Godwin Tsa, Abuja A Federal High Court sitting in Abuja yesterday sacked Senator Atai Idoko representing Kogi East Senatorial district on the platform of the Peoples Democratic Party [PDP]. In a 99 page judgment on the pre-election dispute, Justice Gabriel Kolawole ordered the immediate swearing-in of Air Marshall Isaac Alfa (rtd.), who is also of…
By Olamide Babatunde
Ayobami Adebayo, 28, is the author of Stay with Me, a novel set in 1980s Nigeria, just published in the UK. It’s also due for publication in the United States, Nigeria and Kenya later this year. Publishing houses in Italy and Sweden have acquired the rights to translate the novel into Italian and Swedish respectively. Already, rave reviews have already been coming from early readers in the UK.
Described as a moving novel by the Bookseller Magazine, Stay with Me has been selected as one of the best books to look forward to in 2017 by Stylist Magazine, Buzzfeed, and Phoenix magazine, amongs others. Ayobami holds BA and MA degrees in Literature in English from Obafemi Awolowo University, Ife.
She also has an MA in Creative Writing from the University of East Anglia in the UK, where she was awarded an international bursary for creative writing. She has been awarded fellowships and residencies by Ledig House, Hedgebrook and Ox-bow School of Arts, all in the United States, Ebedi Residency here in Nigeria, Sinthian Cultural Centre in Senegal and Siena Art Institute in Italy.
Although her stories have appeared in a number of magazines and anthologies, Stay with Me is her first novel. She has been shortlisted for the 2017 Bailey’s prize, joining the likes of Chimamada Ngozi Adichie, who was nominated in 2004 for Purple Hibiscus in 2007 when she won for Half of a Yellow Sun and 2014 for Americanah. She is the fourth African to be named since the twenty-one-year- existence of the prize.
The writer in her blossomed while in secondary school. “I started writing fiction when I was in SS1. Shortly after I left secondary school, one of my short stories was accepted for publication in The Weaverbird Anthology that was published by Farafina,” she reveals.
Having gained so much exposure, international affiliations and privileges, she allays any doubts that her writing may tilt towards international audience which may affect her local followers. She maintains her influences are very much Nigerian and doesn’t think that international affiliations have much impact on the art that one produces. “I find it curious that in Nigerian and even African literary circles there is this tendency to question the ‘authenticity’ of work produced by any writer who has not spent all of their career in Nigeria or on the continent.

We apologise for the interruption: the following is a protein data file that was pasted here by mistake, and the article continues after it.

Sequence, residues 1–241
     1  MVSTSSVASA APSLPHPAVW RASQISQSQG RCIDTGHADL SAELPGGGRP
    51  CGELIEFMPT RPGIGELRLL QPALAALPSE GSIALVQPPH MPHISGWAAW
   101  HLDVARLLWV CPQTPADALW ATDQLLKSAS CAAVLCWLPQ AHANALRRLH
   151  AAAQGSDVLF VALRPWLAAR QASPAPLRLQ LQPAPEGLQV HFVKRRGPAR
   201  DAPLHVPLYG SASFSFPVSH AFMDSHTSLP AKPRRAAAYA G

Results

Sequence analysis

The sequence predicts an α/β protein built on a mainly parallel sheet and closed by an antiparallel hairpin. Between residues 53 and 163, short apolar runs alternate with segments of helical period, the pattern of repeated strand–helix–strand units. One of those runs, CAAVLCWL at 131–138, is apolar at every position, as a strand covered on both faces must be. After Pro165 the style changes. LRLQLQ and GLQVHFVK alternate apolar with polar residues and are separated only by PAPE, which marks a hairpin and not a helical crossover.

“We should keep in mind that many literary greats world over produced some of their best works about their countries while away from it. For instance, James Joyce spent two decades of life in Paris, and I’ve not read of the Irish questioning whether Ulysses, which he completed while in Paris, spoke to and of Ireland,” she remarks. Stay with Me is her debut without any unusualness or peculiarity to it save for the location which is set mostly in Ilesa, a small town in the southwestern part of Nigeria, According to her it is “a city I don’t see featuring very often in Nigerian fiction other than T.M Aluko’s One Man, One Wife, which was published in 1959. I don’t think I’ve read any other novel set in Ilesa or any other part of Ijeshaland.”
Do you aim to win a prize someday for your narratives? This question creases Adebayo’s brow for a bit. When she finally responds, it becomes clear she is work oriented and loves it that way. “I’m primarily focused on being conscientious and working hard to hone my skills until I can use them on a level that is as close to perfection as is humanly possible. Achieving this goal with each project is enough satisfaction for me but if I do win a prize, that would definitely bring extra gratification. However, that is not my primary goal,” she confesses.
Not one to put off reading a book for any genuine reason like a boorish start off for instance, she keeps at it hoping it will get better and indeed she claims to have read a number of books that did become brilliant halfway through even, though the beginning wasn’t so promising. “Once halfway and it is still lacking I tell myself I might as well finish it since I’ve already invested so much time in it. More often than not, I finish every book I start,’’ she says.
There are no extreme rituals or routine binding on her enterprise or any other bizarre habits. All that does it for her under any condition are snacks which she keeps close while working. She loves Plantain chips, chocolate and cake and, sometimes, some music, preferably instrumental pieces to liven the atmosphere. Perhaps this is how she spends her leisurely hours, bingeing on Music?
Far from it. The light skinned author has a reading appetite so voracious that all of her spare time is never enough. Apart from fiction, she enjoys reading about politics and history, while baking comes next. For some reason, she finds the process calming and relaxing. “If I feel stressed and I have access to an oven and all the ingredients at the time, I would bake a red velvet cake.” Hopefully, her next novel is a lot more worth waiting for than a velvety cake.